Blue Whale Pod Delights SoCal Residents

Michael Santo's picture

Blue whales are the world's largest animals, and a pod of them have been delighting southern California residents for weeks.

It is an awesome and amazing site. Blue whales are not just the biggest animal today; they are the biggest animals to have ever existed on earth. They are also extremely rare, having been driven to the brink of extinction by hunting.

The pod has been seen in Los Angeles' Santa Monica Bay for the last few weeks; whale watching tours have been crowded with whale watchers as word has spread of the pod. Blue whales can grow to as large as 100 feet in length, and can weigh as much as 150 tons. Female blue whales generally weigh more than males.

In comparison, Argentinosaurus is believed to be the biggest sauropod, at least in terms of a dinosaur whose size has been backed up by convincing evidence. This gigantic herbivore measured about 120 feet from head to tail and may have weighed over 100 tons.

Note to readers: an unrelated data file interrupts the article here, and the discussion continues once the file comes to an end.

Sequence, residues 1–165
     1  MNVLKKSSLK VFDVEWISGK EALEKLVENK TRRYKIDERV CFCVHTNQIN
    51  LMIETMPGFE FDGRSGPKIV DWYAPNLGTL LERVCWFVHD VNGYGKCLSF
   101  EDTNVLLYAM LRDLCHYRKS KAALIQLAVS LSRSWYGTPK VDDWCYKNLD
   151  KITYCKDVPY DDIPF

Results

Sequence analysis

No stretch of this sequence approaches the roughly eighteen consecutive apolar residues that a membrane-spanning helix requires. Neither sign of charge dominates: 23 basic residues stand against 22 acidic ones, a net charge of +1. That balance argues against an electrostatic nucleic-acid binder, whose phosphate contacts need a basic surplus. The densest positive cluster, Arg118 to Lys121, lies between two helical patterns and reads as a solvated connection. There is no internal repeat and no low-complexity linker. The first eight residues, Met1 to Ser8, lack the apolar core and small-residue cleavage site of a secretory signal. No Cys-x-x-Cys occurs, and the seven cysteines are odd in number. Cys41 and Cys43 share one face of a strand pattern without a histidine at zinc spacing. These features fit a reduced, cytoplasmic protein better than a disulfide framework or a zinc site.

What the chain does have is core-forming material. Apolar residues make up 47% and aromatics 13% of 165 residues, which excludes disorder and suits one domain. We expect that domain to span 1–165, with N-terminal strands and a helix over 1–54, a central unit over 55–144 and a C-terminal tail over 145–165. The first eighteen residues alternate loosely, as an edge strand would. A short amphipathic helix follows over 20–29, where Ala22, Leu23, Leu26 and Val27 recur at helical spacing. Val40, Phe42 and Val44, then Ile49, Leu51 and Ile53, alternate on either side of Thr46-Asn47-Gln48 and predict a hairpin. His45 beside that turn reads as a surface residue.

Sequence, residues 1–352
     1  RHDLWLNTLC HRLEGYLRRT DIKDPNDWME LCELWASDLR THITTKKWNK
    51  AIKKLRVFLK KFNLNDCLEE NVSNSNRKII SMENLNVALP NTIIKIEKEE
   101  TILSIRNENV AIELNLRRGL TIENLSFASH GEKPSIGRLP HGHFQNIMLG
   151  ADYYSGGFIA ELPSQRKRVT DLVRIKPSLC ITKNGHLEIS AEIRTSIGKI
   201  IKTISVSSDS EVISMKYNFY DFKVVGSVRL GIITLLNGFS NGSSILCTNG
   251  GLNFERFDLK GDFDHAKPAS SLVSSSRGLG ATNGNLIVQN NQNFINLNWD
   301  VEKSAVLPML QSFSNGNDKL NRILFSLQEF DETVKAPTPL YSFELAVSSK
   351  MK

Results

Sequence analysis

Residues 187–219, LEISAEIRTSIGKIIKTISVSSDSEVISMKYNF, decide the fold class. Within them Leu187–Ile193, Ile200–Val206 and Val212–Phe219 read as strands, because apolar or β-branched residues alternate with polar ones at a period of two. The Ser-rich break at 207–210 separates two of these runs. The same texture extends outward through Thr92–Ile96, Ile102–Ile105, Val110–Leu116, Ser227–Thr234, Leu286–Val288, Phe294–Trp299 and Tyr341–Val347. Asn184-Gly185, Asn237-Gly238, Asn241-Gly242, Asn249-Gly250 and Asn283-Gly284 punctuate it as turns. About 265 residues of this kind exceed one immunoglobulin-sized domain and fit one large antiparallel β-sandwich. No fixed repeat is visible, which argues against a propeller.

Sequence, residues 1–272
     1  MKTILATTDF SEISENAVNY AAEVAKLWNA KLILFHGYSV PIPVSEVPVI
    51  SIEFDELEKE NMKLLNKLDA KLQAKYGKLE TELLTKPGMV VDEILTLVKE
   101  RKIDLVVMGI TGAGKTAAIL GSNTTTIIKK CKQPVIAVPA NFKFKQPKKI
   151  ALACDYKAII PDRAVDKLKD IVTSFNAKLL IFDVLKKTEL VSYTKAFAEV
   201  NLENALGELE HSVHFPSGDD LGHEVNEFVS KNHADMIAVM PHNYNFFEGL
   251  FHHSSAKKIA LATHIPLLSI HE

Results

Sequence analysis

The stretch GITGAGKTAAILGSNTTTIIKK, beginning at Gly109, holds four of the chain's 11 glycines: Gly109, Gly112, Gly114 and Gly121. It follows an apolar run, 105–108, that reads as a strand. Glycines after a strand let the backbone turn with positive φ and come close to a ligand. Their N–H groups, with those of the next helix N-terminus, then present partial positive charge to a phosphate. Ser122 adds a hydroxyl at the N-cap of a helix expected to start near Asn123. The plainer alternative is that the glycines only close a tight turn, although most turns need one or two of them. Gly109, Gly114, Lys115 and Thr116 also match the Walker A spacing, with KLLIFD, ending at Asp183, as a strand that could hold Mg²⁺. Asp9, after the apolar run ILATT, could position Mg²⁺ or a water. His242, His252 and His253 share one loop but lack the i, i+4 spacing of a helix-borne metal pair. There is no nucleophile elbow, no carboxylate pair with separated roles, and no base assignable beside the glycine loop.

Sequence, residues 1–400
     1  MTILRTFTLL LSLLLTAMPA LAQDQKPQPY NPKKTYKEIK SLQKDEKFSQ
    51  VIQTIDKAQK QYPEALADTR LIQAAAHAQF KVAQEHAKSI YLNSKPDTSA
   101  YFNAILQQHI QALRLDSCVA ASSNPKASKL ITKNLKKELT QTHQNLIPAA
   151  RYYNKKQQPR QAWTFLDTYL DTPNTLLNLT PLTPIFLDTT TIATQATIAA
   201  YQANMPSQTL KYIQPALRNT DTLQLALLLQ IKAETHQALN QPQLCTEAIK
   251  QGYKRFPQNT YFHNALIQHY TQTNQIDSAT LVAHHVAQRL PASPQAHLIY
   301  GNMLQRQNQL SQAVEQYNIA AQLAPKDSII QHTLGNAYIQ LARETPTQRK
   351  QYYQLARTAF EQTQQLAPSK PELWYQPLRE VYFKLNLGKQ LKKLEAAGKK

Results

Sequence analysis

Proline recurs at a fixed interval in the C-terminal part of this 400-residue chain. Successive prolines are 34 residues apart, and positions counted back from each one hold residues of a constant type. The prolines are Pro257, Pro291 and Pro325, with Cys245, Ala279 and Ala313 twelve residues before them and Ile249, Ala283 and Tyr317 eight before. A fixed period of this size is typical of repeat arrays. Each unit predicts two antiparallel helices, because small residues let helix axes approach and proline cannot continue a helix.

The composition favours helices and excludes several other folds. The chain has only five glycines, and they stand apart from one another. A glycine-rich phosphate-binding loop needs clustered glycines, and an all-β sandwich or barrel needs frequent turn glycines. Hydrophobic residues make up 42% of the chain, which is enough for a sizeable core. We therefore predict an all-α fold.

Voyager Excursions skipper Craig Stanton said this is the second consecutive year that blue whales have been coming to within a mile of the mouth of King Harbor. His whalewatching tours are seeing an average of 10 blue whales a day. Scientists have even seen blue whales courting.

Blue whales were driven to near extinction in the 1900s by whalers seeking their blubber for oil. Blue whales are slowly recovering and an estimated 2,500 are thought to travel back and forth along West Coast. They generally are much further out to sea.

Wikipedia says, "Blue whales were abundant in nearly all the oceans on Earth until the beginning of the twentieth century. For over a century, they were hunted almost to extinction by whalers until protected by the international community in 1966. A 2002 report estimated there were 5,000 to 12,000 blue whales worldwide, located in at least five groups.

"More recent research into the Pygmy subspecies suggests this may be an underestimate. Before whaling, the largest population was in the Antarctic, numbering approximately 239,000 (range 202,000 to 311,000). There remain only much smaller (around 2,000) concentrations in each of the North-East Pacific, Antarctic, and Indian Ocean groups. There are two more groups in the North Atlantic, and at least two in the Southern Hemisphere."

Watch a pair of video reports, including footage of the blue whales, below.

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Image Source: Wikimedia Commons

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